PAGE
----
Functions are very useful for programing in python. First they cut down code. For instance you could write.
|Yes I know there is inbuilt things for powers but might as well go whole hog here|
|Now with annoying color|
Hit enter twice and you'll be back to "ground level" in the shell. Now we're going to have some problems here due to blog not doing tabs right. Python for functions and scopes require indentation with whitespace, for blog code I'll use spaces, for real coding my preference is tabs. Either way I'll include what I did to the right so I can explain it a bit with graphical aids.
First you have to use def, underlined in red I'll explain why it's important latter, to create the method. After that is your methods name, it can be any thing as long as it is "one" continuous block of characters and avoids some special characters. Dashes are fine though otherwise not so much and I haven't tempted fate enough to learn the results. A space after that is your parameters or arguments underlined in green. In it's simplest form you can use as many as you want or as little as you want, even none you just put (), but you have to give them a name like any other variable and separate them with a comma. Trailing this is the colon which is the first indication of a change in scope. What this means I'll get back to later.
The right_triangle method we created is rather simple. It only has one line of code after it with a return statement followed by things I underlined in yellow. I'll get to that in a second but first lets use the method. Please type the following.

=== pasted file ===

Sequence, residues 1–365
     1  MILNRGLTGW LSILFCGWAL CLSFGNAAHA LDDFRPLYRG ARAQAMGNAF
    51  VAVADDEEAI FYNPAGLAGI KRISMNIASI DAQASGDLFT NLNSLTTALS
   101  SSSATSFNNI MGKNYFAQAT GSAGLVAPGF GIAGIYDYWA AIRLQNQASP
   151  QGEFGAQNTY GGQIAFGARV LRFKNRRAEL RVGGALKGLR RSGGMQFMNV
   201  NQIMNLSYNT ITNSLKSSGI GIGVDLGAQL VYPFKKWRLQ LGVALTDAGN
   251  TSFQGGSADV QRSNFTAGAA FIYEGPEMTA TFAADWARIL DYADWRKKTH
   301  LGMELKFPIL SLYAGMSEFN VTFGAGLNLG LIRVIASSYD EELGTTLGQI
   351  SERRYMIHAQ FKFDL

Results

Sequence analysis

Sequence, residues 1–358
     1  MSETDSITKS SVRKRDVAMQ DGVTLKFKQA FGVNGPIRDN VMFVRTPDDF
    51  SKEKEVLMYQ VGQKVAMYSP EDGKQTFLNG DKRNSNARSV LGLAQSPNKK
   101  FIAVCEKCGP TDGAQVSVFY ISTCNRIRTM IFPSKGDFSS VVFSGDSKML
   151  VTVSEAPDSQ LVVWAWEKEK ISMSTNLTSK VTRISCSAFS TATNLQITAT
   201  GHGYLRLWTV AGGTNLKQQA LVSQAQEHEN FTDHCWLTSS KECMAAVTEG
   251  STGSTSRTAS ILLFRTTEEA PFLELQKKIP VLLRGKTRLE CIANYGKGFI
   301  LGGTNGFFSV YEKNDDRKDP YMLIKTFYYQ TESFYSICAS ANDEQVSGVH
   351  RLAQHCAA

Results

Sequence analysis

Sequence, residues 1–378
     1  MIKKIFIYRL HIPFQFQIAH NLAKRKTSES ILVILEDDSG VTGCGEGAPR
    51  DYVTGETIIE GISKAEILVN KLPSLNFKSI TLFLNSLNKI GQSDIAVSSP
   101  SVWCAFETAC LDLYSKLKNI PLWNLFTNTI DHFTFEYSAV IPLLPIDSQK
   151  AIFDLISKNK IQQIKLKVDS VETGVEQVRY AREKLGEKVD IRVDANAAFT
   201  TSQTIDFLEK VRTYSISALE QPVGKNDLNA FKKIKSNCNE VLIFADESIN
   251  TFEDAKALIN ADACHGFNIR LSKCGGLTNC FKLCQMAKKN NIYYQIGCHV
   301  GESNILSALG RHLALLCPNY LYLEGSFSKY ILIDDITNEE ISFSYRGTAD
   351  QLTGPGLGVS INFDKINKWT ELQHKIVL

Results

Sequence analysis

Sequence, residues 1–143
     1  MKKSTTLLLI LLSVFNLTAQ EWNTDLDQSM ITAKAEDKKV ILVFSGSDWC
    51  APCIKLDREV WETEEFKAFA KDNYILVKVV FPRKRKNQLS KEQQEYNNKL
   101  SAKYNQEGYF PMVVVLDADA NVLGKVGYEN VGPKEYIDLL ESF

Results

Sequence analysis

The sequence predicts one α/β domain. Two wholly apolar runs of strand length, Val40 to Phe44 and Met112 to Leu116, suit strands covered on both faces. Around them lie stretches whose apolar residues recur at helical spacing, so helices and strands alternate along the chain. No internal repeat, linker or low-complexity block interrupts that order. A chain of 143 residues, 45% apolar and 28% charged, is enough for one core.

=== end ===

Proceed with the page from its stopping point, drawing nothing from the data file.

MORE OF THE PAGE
|with the power of cropping you'll not see the mistake!|
Admittedly this would be more impressive if the text to invoke right_triangle was less than the straight up code with the numbers that it produces. Methods allow you to reuse code and return results. Before there was the underlined piece of code with the variables a and b in it. The a and the b were the arguments passed when right_triangle was invoked in the code. The reason you have to use all the variables is that the code expects them. In the scope after it a will effectivly be whatever is passed first while b is whatever passed second. Now they don't have to be named a,b,c or any sort of sequence. Like the functions name you can name them whatever you wish as long as you separate with commas and enclose with parenthesis.
Now this doesn't have to be one line long. It can be multiple lines as long as the indentation is correct. For example.
Now this wasn't a very useful function. As I said before you could type out what it was doing in less typing than it took to make it, but once it starts getting lines long or used for other things that involve later ideas it'll start looking like a good choice. Till then hopefully I didn't butcher this idea too badly.